Gruesome slaughter of thousands of animals marks a bloody Gadhimai festival

  • December 4, 2019

A glimpse of the animal slaughter at Gadhimai Festival in Bara, Nepal. (File photo by Kushal Bista)

Thousands of animals are being slaughtered as sacrifices for Hindu goddess Gadhimai at the Gadhimai festival that began yesterday.

The festival started in the early hours of yesterday morning after a priest killed a goat, rat, chicken, pig and pigeon and then offered blood from his own body.

The tradition dates back to a priest who was told about 250 years ago in a dream that spilled blood would encourage Gadhimai, the Hindu goddess of power, to free him from prison. Hindu devotees believe that the animal sacrifices will make the gods happy and fulfill their wishes.

Rights activists from across the world have tried to stop the gruesome mass slaughter of animals at festival. In 2009, at the height of the festival, around 500,000 buffaloes, goats, pigeons and other animals were killed. After much protest, some 200,000 animals were killed during the last festival, in 2014.

A glimpse of the animal slaughter at Gadhimai Festival in Bara, Nepal. (File photo by Kushal Bista)

It has been estimated that yesterday alone over 30,000 animals were sacrificed at the premises of Gadhimai Temple. This year, the authorities took an extra step and have barred journalists and the public from taking photos or videos of the slaughter.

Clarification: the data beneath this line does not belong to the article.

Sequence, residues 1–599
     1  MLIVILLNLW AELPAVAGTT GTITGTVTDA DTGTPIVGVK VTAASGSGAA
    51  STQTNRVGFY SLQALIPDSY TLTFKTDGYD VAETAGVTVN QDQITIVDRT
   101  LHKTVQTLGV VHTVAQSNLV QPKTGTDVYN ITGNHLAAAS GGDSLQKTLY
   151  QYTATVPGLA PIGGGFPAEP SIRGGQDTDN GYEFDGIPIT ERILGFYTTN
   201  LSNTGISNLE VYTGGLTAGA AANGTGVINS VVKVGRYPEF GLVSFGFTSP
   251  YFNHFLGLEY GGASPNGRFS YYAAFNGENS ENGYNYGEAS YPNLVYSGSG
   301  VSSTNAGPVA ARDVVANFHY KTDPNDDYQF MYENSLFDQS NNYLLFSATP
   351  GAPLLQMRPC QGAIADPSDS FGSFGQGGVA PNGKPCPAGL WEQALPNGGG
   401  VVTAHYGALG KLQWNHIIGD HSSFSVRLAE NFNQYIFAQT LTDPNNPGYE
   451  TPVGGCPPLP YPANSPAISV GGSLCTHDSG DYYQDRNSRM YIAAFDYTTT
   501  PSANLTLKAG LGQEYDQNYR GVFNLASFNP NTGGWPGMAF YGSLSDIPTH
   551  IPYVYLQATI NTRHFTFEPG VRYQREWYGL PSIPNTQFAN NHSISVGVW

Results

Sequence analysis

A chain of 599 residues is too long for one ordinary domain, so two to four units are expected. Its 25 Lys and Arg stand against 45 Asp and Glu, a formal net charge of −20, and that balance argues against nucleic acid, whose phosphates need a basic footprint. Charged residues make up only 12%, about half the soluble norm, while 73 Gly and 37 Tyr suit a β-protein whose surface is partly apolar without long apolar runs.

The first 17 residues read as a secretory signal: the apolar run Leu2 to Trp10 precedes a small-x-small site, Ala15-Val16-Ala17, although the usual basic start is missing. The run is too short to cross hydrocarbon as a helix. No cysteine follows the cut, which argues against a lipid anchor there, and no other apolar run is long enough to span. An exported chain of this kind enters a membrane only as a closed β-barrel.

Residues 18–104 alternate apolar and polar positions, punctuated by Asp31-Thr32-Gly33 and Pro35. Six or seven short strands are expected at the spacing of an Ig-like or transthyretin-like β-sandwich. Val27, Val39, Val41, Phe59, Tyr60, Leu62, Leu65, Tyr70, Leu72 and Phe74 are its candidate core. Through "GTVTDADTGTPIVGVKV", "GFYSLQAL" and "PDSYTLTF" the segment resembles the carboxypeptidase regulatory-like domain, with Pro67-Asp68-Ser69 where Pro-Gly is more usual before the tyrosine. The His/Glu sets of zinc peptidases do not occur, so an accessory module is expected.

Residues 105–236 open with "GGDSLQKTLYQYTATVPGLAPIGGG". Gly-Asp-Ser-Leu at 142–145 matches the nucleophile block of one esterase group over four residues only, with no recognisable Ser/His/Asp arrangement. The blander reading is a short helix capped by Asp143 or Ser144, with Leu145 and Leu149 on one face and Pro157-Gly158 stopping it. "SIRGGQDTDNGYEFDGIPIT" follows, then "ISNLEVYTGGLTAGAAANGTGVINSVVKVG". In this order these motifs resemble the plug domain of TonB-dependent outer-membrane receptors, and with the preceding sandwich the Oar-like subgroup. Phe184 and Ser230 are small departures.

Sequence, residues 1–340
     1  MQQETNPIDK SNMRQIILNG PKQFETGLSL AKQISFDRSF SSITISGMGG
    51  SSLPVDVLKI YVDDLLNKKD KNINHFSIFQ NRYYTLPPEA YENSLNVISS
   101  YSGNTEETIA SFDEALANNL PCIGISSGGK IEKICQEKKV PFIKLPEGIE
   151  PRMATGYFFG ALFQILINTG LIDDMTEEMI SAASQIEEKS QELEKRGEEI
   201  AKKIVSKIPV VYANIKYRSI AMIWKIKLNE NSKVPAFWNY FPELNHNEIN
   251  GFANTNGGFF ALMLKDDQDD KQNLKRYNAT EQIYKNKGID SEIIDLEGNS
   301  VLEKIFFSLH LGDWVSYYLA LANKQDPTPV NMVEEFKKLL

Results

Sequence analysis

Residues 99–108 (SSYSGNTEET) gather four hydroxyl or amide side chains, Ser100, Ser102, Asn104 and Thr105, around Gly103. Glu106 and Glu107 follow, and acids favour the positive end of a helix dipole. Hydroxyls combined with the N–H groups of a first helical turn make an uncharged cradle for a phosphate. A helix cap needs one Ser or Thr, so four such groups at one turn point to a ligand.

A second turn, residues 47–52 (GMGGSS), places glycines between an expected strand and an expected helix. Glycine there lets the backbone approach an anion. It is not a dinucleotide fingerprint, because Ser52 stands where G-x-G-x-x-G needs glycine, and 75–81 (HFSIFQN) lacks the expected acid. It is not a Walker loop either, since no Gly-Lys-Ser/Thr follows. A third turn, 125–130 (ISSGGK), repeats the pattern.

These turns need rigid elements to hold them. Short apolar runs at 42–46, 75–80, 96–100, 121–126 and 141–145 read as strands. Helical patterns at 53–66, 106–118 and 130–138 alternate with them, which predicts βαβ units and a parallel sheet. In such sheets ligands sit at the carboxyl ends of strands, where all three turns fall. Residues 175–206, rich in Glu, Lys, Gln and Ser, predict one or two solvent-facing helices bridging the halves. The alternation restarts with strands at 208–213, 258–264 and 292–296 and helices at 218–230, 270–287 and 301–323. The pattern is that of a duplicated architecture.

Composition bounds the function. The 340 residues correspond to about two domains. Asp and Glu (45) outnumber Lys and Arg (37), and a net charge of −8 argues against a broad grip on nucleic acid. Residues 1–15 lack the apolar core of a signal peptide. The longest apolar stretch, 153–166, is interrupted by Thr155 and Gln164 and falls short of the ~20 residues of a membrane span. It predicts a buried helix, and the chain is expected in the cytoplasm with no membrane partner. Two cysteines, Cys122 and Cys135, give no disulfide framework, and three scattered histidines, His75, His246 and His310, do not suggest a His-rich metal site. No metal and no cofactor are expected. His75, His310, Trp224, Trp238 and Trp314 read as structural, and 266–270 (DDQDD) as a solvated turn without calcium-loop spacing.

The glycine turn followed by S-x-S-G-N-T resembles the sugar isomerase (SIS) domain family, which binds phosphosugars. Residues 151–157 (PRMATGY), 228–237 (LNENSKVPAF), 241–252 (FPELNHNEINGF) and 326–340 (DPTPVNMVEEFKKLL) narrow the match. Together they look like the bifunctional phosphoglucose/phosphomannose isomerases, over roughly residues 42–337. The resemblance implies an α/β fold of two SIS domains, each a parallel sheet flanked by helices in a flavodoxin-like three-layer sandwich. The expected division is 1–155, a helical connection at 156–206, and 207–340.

Five years ago, after vocal protests from animal rights activists, numerous reports in the media had said that the Gadhimai Temple had banned all animal sacrifice.

Moreover, in August 2016 a division bench of justices Ishwori Prasad Khatiwada and Anil Kumar Sinha had directed the government to form a special committee and take appropriate measure through it to halt the inhuman act of slaughtering animals at Gadhimai.

However, the Gadhimai Five-yearly Festival Main Committee has said that it will follow the court’s orders and has decided not to kill any pigeons. Millions of pilgrims travel to Gadhimai Temple from across Nepal as well as India to mark the festival.

Since 2009, there has been an increasing pressure on the temple authorities to ban the mass slaughtering of animals. But to no avail. Instead, in anticipation of protests, security has been intensified, with a total of 1,500 security personnel deployed to the area.

In the last few days, reputed news outlets including The Independent, BBC, The Guardian and Aljazeera have written about how the festival is being pushed forward despite an outcry from various sides, and have termed the festival “the world’s largest animal sacrifice ritual”.